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Estate planning is something that people often put on the back burner, and there are many reasons for this procrastination. One of them is the simple fact that it can be hard to know where to begin. There are various different estate planning documents that can be used, and the matter can be confusing.

To demystify things, you could sit down and discuss your estate planning objectives with a licensed attorney. In this post, we will look at some general questions that you may want to ask at the consultation.

I’m not rich. I should use a last will to state my final wishes, right?

A last will can be used as an asset transfer vehicle. However, you do have other options, even if you are not extraordinarily wealthy.

When a will is used, the executor must admit the will to probate. This a legal process, and it can be time-consuming and expensive. The heirs to the estate must wait out the probate process before they can receive their inheritances, and the amount of the inheritances can be shaved down by the costs that are accumulated during probate.

It is possible to proactively implement probate avoidance strategies.

How would I avoid probate?

There are a number of different ways to get assets into the hands of your heirs outside of probate. One very popular probate avoidance tool is the revocable living trust.

You retain control of the assets while you are living when you establish this type of trust. After you die, the trustee that you name in the trust declaration can distribute assets to the beneficiaries outside of probate according to your wishes.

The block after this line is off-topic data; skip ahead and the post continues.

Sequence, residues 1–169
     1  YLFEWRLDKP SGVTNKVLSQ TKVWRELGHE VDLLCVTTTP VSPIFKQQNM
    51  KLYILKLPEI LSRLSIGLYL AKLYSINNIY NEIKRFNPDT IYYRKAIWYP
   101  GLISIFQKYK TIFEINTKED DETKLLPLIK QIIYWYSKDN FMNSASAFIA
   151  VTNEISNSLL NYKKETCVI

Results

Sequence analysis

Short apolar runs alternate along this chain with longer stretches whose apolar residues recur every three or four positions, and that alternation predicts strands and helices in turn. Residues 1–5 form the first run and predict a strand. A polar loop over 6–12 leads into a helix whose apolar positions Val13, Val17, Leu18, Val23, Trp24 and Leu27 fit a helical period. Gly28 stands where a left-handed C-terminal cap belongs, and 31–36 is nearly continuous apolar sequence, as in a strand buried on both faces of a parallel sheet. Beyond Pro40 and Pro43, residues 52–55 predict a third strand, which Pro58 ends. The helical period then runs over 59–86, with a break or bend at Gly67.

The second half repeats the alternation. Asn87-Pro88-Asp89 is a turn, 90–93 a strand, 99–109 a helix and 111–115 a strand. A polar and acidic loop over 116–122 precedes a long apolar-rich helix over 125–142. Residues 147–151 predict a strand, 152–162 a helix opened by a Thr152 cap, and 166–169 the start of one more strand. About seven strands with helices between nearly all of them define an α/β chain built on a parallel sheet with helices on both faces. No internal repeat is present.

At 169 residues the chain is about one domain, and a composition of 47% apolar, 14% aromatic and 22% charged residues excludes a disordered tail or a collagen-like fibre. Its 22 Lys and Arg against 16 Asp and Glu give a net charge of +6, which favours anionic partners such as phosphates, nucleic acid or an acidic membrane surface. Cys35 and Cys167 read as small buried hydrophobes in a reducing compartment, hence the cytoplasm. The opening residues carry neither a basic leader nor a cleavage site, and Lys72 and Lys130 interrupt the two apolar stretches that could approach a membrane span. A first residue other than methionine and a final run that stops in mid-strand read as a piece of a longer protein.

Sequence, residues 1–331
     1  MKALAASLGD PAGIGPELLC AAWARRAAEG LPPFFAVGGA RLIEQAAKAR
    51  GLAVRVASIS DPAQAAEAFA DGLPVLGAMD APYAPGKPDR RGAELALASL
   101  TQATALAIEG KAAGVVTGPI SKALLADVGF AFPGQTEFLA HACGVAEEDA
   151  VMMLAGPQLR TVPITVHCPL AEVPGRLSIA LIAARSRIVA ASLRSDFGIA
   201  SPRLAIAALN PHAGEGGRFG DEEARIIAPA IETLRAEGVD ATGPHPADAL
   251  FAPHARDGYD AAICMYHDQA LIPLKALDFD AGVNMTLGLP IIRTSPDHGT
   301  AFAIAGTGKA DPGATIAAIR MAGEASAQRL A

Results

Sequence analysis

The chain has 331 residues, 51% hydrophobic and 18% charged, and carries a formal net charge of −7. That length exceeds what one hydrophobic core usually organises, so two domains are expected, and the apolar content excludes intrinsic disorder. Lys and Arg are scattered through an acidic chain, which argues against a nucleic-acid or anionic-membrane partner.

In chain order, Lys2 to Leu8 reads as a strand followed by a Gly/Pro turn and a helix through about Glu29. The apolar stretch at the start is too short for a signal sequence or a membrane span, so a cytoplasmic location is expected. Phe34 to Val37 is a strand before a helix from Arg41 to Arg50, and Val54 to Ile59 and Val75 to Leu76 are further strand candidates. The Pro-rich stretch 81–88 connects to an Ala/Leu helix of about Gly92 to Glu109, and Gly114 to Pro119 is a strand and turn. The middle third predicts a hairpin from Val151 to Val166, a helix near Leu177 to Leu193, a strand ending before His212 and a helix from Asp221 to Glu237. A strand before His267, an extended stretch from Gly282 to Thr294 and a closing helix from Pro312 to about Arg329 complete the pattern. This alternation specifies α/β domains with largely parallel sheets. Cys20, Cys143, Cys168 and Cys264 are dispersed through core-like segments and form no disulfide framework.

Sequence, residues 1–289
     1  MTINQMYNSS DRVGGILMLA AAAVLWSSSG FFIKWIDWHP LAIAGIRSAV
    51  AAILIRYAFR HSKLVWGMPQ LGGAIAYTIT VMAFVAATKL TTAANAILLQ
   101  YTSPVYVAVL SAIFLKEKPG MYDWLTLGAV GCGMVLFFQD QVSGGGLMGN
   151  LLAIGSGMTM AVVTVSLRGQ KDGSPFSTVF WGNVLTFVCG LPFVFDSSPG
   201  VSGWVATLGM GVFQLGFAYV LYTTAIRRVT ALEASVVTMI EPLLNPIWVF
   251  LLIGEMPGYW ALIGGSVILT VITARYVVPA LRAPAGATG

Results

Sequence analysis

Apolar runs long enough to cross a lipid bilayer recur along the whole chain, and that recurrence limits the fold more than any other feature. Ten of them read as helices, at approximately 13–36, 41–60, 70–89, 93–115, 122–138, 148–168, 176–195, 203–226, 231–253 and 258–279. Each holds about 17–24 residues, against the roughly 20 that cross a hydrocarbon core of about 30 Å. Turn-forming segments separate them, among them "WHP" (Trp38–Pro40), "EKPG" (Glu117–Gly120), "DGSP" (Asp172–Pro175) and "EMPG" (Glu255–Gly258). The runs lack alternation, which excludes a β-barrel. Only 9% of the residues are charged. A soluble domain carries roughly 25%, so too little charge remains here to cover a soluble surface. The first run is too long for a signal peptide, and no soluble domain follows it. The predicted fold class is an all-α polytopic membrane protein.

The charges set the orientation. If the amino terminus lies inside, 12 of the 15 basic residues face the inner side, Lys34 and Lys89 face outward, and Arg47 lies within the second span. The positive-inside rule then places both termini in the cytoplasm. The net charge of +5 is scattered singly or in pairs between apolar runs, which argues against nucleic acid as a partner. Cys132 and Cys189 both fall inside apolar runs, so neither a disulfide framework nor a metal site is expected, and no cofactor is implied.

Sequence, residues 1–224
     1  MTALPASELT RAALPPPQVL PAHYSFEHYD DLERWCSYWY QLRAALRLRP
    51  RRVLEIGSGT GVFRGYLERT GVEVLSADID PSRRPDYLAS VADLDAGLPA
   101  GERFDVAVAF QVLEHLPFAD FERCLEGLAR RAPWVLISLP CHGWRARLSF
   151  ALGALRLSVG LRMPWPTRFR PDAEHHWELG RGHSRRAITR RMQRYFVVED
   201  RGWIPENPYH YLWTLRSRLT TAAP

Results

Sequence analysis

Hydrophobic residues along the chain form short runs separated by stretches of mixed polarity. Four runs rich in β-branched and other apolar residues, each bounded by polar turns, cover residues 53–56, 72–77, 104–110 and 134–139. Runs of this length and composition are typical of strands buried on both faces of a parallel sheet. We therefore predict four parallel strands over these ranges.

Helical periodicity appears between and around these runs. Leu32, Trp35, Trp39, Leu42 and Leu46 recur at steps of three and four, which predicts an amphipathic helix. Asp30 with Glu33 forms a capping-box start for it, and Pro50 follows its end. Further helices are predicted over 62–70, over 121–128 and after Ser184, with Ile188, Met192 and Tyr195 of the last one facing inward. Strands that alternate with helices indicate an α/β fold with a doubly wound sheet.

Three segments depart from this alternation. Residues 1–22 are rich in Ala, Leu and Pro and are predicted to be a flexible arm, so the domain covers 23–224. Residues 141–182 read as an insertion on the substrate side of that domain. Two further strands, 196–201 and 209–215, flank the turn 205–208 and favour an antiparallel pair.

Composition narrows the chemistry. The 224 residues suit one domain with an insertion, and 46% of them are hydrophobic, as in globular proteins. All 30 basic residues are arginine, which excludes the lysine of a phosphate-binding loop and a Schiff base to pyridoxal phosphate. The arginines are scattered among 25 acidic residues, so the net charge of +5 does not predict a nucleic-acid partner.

I’m not comfortable giving everyone lump sum inheritances. Can I provide for each person in a different way?

The answer to this question is yes. An ideal estate plan will take all of the circumstances into account, and each respective person in the family will receive his or her inheritance in the optimal manner.

Financial matters are obviously important, but is there anything else I should know?

A well constructed estate plan should address the possibility of latter life incapacity. Many people become unable to make sound decisions late in their lives.

Your estate plan can include an incapacity component. Through the execution of a durable power of attorney, you can name a financial decision maker who could manage your financial affairs in the event of your incapacity.

With a health care proxy you could name a health care representative.

Schedule a Free Consultation

If you are ready to take action, our firm can help. We offer free consultations, and you can send us a message through our contact page to set up an appointment: Queens NY Estate Planning Attorneys

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